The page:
From a quiet country road in upstate New York a black SUV pulled onto an unmarked driveway of crumbling asphalt. Dodging potholes and collapsing shoulders, the lone vehicle followed the pavement beneath a canopy of high-arching trees that cut through a dense forest.The tall woods opened into untended pastures that rose and fell in the graceful slopes of a grand estate. Towering above the overgrown grass, an imposing mansion of gray brick and quarry stone sat languishing in disrepair.
The SUV pulled alongside the pedestal water fountain that was once the centerpiece of the circular cobblestone driveway. The white stains that scarred the work of art were the only evidence that water once flowed over its basins. A middle-aged woman approached the car door and pulled it open. Out stepped Evan Grant.
“Where is she?” he asked.
“The drawing room,” the caretaker answered.
As they approached the thick double doors of pitch-painted wood, Evan paused to take in the stained-glass window that overlooked the entryway to his childhood home. He admired the image: a distinguished-looking man holding a globe of the world in his outstretched hand.
Entering the two-story foyer, they hurried across the floor to where a broad beam spanned the wood-framed entrance of the drawing room. They passed beneath the beam where a cloister monogram of the letter G was carved into its face. On one side of the rectangular room an oversized fireplace sat empty, its ornate mantle of Italian marble as cold as the day it was sculpted. The room’s paneled walls hosted a master’s gallery of paintings with , , and all hanging side by side. Like ghosts from a better time, white sheets floated throughout the shadowy room suspended by the silhouettes of chairs, couches, tables, and lamps.
Evan took a sheet in his hand and gave it a jerk. The fabric slid off the mahogany card table.
“Why is everything covered up?”
“To keep off the dust,” an old voice croaked.
A black wide-brim hat rose from between hunched shoulders. Flinty gray eyes slowly surfaced, their faint light the only evidence of life among the painted cheeks and eyebrows of a sagging face. Boney hands gripped the handrim of a wheelchair. With a quick pull Mrs. Grant spun around to face her son.
“You have staff to do the cleaning.” Evan retorted.
“No matter . . . there’s no life left in this house.”
“There would be if you’d just keep up the place!”
She looked past Evan to where her caretaker stood—always close at hand. She pounded the wheelchair’s armrest with her right hand. “I can’t afford to pay all these hangers-on!”
“Alright, Mom, calm down.”
Evan grabbed her hand and tenderly set it on the wheelchair’s armrest.
“Dad left more than enough money. Remember? The IMF currency was Dad’s brainchild . . . he set it in motion decades ago. He knew what was happening and when . . . that’s why he put all our money in the new currency before the dollar collapsed.”
“Money can’t save this dying world,” she mumbled. “Couldn’t even stop your father from taking his own life.”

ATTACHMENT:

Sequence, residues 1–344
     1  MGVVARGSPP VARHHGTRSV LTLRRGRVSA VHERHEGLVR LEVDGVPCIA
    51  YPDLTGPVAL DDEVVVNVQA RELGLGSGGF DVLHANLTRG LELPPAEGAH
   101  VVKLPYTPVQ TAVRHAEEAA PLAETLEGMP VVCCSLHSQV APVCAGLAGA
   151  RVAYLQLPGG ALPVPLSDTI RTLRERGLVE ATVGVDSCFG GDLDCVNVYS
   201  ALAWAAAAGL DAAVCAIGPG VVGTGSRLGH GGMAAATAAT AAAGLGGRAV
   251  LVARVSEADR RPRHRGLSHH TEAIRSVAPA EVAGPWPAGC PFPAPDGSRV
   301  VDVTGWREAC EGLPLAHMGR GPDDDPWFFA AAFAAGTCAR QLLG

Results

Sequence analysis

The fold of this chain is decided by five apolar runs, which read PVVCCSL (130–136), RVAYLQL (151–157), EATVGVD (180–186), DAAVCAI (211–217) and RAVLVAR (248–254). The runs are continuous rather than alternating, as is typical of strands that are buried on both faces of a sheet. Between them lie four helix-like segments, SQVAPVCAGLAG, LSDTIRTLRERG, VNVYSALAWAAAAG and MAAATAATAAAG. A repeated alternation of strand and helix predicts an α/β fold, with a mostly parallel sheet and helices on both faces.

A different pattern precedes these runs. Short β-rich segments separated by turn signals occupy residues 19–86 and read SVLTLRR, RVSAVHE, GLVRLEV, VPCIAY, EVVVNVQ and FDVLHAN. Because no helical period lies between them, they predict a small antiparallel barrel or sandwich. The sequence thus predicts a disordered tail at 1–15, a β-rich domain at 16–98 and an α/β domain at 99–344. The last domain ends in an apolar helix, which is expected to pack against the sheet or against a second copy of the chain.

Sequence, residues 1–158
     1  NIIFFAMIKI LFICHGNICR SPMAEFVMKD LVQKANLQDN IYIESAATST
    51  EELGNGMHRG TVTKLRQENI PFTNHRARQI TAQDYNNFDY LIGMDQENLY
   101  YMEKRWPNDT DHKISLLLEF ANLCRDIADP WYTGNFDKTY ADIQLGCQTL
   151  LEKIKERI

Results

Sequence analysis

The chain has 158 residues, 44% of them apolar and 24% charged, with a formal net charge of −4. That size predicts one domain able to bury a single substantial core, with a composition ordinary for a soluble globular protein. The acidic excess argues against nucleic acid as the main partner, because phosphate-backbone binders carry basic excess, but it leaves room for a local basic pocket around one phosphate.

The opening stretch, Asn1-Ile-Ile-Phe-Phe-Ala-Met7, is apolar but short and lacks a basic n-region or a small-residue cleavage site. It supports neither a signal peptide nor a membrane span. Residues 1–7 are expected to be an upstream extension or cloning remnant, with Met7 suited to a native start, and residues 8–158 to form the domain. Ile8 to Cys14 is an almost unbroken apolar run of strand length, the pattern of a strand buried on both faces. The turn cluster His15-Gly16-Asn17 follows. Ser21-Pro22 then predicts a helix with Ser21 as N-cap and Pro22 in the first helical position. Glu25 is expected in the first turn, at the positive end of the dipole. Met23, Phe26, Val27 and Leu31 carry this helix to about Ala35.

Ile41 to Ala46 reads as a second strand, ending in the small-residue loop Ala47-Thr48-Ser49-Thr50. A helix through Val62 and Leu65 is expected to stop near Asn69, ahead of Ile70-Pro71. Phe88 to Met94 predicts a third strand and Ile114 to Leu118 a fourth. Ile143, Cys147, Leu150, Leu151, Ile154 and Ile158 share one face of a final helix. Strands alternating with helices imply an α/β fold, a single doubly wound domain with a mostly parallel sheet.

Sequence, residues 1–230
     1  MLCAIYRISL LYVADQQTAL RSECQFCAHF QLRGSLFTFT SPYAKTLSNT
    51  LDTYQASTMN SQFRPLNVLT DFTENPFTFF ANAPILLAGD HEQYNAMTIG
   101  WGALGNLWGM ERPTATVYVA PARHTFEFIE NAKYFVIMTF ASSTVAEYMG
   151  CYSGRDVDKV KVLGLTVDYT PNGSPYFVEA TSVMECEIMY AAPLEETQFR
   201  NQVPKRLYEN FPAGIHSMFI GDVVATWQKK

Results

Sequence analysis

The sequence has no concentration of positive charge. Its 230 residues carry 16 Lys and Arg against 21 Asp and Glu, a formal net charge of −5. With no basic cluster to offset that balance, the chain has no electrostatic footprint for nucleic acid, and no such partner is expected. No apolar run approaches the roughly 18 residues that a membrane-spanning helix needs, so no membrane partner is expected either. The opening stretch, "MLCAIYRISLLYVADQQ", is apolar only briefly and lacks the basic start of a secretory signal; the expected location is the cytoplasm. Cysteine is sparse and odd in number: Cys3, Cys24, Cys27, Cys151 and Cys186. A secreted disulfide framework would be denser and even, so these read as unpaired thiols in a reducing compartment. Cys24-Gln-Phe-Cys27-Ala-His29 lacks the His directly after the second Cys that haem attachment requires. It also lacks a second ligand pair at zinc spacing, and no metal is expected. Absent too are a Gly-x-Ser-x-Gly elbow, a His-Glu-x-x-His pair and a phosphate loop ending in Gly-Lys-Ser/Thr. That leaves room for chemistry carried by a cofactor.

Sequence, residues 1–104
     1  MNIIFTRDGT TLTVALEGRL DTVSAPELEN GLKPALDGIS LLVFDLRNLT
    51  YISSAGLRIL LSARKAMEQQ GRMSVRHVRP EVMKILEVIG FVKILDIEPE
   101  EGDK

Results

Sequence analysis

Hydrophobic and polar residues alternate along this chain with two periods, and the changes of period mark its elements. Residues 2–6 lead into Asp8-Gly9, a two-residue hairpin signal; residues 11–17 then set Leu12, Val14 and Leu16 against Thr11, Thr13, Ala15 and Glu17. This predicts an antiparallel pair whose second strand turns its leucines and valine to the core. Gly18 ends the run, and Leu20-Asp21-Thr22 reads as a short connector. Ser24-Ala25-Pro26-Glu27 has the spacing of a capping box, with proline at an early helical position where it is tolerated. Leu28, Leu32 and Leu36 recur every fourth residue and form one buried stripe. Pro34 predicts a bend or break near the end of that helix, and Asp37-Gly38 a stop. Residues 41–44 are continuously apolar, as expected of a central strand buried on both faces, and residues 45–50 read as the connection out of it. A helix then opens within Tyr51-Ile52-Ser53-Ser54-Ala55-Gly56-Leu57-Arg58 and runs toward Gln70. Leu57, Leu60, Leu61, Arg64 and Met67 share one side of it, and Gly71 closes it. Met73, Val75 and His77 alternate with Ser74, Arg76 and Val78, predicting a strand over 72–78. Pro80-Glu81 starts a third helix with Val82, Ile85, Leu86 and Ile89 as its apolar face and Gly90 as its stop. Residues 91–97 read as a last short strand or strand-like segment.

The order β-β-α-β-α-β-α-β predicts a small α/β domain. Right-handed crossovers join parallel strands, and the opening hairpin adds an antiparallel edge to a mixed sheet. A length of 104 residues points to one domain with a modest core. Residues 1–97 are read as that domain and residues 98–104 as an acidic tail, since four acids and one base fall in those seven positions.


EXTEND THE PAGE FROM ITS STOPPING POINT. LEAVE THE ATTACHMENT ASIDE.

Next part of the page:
“I told you . . . it wasn’t a suicide.”
Evan kneeled in front of his mother. He took her knotted hands into his. “Don’t worry, Mom. We’ll get it back . . . all of it . . . our family name, our seat at the Master’s Table and the ring with the golden seal. The plans Dad put into place, I am going to set into motion.”
Her empty face twisted into an angry grimace.
“You couldn’t possibly pull off your father’s plans,” she said, throwing off his hands. “You’re not half the man he was.”
Evan stood to his feet his eyes brimming with contempt.
“I’ll show you, Mother!”
She waved him off, turning her head in disgust.
“You wouldn’t know where to start . . . you don’t even know the players.” she growled.
“Oh, I know the players,” Evan said with quiet intensity. “Remember the spy camera Dad gave me for my fourteenth birthday? I used it to make a record of everyone that appeared after Dad’s death; the men who showed up at the funeral and Dad’s old friends who came to “check on” the family,” he said, making air quotes with his hands.
Evan began to pace back and forth.
“I know the son-of-a-bitch who leaned into the casket and pulled off my father’s ring; I tracked down the gopher that came to retrieve the art with the secret symbolism. I know the name of the hypocrite who withdrew our membership from the Founder’s Club. I know who banned us from the condo in Belize and the villa in France and every board member of the Cathedral of Saint Stephen’s that shunned us.”
Evan came to a stop in front of his mother, thrusting his finger in the air.
“I know where they live, the make and model of all their cars and where they keep their money. I have made it my business to know where their kids go to school and which government officials they have in their pockets. “
His mother’s eyes blazed with anger.
“Then why don’t you kill them . . . kill all of them!” she raged.
“If I wanted them dead, they would be,” Evan said, catching his breath. “What I want . . . is to hear them beg me to take my father’s place at the “Masters Table” . . . and I have just the plan to do it.”